Nested, Targeted Attacks Built for Reconnaissance

Researchers say NATO members were targeted for reconnaissance over the holidays by attacks using malicious OLE objects.

Researchers say members of the North Atlantic Treaty Organization were targeted during the holidays by a unique document-based attack that evades discovery by lying dormant when it detects a security researcher’s test environment.

Characteristics of this attack, according to researchers at Cisco Talos, also include a complex workflow process that includes distinct “nested” objects embedded within each other. “The analyzed document is a RTF document with a succession of embedded objects,” wrote David Maynor, Paul Rascagneres, Alex McDonnell and Matthew Molyett, each of whom contributed to the report.

Cisco Talos believes the objective behind the attacks is to perform reconnaissance on NATO members, and at the same time avoid detection by sandbox systems.

This nested framework begins with an RTF document called “NATO Secretary meeting.doc” that includes an OLE object, also known as Object Linking and Embedding, used for linking to additional documents or objects. In the case of this OLE, contains a Adobe Flash object, according to Cisco Talos.

The use of OLE embedding to deliver malicious files is becoming more common. Last year, Microsoft warned of an uptick in reported cases where malware authors were using malicious documents that misuse the legitimate Office object linking and embedding capabilities in Word documents in order trick users into enabling and downloading malicious content.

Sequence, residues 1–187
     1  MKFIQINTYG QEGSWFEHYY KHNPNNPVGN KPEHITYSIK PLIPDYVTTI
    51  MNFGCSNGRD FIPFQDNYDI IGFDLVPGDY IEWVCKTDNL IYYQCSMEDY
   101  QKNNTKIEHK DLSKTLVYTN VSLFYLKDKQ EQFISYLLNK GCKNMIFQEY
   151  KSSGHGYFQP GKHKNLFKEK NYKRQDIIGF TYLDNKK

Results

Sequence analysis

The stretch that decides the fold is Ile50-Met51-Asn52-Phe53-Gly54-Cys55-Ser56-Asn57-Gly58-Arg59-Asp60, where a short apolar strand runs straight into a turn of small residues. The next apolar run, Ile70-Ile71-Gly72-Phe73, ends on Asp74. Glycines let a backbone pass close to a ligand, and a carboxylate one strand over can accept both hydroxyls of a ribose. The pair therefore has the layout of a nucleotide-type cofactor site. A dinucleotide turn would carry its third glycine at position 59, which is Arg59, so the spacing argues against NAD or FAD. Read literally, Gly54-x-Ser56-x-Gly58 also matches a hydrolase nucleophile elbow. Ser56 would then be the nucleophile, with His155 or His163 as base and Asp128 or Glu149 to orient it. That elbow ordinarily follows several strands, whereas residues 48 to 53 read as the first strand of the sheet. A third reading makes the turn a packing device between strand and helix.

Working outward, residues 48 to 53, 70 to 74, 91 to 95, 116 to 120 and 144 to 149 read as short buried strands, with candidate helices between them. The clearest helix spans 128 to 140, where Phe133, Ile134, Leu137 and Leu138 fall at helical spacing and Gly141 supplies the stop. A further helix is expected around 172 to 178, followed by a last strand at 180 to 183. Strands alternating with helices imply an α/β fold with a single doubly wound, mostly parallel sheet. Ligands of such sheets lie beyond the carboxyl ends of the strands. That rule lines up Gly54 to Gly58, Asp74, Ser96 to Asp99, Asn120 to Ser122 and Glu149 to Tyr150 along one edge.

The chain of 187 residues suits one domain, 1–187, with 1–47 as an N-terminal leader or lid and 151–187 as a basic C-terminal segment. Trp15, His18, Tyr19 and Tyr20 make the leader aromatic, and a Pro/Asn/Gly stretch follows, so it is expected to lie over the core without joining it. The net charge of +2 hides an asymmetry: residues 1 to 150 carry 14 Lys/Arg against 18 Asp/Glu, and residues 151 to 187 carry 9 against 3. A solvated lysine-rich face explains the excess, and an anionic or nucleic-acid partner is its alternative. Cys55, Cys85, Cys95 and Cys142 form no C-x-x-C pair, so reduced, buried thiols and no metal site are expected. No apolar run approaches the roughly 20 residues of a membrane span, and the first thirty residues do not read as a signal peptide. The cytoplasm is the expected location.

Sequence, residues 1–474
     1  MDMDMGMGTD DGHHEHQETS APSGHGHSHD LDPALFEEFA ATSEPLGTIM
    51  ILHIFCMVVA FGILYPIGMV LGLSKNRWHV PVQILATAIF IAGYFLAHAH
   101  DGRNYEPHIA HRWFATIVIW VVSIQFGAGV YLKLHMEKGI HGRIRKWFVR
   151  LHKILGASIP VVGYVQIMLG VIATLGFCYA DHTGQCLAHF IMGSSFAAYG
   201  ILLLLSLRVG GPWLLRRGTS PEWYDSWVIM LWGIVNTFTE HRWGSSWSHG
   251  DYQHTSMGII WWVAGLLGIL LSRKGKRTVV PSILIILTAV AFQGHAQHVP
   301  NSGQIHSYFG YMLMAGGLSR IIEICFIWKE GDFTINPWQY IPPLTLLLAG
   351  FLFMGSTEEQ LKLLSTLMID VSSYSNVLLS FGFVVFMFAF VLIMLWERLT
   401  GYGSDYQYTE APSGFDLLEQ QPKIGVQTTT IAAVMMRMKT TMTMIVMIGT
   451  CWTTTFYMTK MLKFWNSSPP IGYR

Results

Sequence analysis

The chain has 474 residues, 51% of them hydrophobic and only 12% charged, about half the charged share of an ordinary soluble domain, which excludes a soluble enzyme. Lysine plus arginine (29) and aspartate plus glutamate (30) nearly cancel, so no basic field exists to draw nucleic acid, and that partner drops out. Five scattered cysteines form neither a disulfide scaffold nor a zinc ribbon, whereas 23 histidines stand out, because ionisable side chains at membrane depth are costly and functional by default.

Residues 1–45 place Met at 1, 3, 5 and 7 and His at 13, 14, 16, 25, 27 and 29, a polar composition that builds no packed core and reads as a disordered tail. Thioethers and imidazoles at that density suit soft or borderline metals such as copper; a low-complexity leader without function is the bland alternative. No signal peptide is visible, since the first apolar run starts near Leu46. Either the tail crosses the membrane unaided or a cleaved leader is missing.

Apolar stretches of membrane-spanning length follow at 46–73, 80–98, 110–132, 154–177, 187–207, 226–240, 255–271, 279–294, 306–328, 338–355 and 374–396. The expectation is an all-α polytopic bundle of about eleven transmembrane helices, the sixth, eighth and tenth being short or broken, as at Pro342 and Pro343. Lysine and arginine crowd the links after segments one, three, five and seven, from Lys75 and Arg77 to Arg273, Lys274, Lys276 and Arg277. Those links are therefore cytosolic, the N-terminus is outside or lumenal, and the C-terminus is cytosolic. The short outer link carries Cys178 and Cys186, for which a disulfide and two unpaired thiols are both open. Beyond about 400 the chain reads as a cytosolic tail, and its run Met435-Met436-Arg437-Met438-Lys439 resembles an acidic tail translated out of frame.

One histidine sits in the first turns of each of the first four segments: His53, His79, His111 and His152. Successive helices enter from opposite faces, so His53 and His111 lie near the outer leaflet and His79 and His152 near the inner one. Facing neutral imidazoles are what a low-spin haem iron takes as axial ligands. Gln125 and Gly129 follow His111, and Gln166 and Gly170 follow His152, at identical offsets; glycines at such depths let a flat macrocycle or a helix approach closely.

“The purpose of the Adobe Flash (object) is to extract a binary blob embedded in itself via ActionScript execution,” researchers wrote. In turn, the ActionScript contains the URL of the command-and-control servers and also utilizes HTTP connections to send system profile information (OS version and Adobe Flash version) to the command and control server.

“This information can be used by the attacker as a decision point regarding the interest in the victim. If the infected system looks like a sandbox or a virtual machine, the operator could ignore the request and the ActionScript is finished,” the researchers wrote.

Next, if the system is deemed desirable and not suspected of being a security researcher’s test environment, the malicious activity continues with the function “expLoaded()” (or exploit loaded) executed.

That triggers the decryption of a nested SWF Adobe Flash object. Here the ActionScript is utilized to unpack and decrypt the SWF file and at the same time query via HTTP to retrieve the payload, Cisco said.

“The Adobe Flash requests a payload and an Adobe Flash exploit which is loaded and executed on the fly. This approach is extremely clever, from the attacker point of view, the exploit is not embedded in the document making it more difficult to detect for some security devices than the standard Word (document) Trojan,” researchers wrote.

Lastly, a second malicious Adobe Flash file is decyrpted and executed via the flash.display.Loader() API, according researchers. However, details on the actual payload are scant. Cisco Talos will only say: “The malicious payload has recently been replaced to return a substantial amount of junk data to inhibit investigation.”

Researchers said that during their analysis they believe the cyber criminals were aware security researchers were investigating their infrastructure and decided to booby-trap the infrastructure to create research roadblocks by generating the junk data.

“These are the characteristics of reasonably advanced attackers who have designed an efficient minimalist framework that was able to adapt purposes on the fly,” Cisco Talos researchers wrote.

Researchers believe that NATO members were targeted based on the file name of the document which is “NATO Secretary meeting.doc”.

(Correction: This story removed all previous descriptions of this attack method as being related to macro-based malware.)

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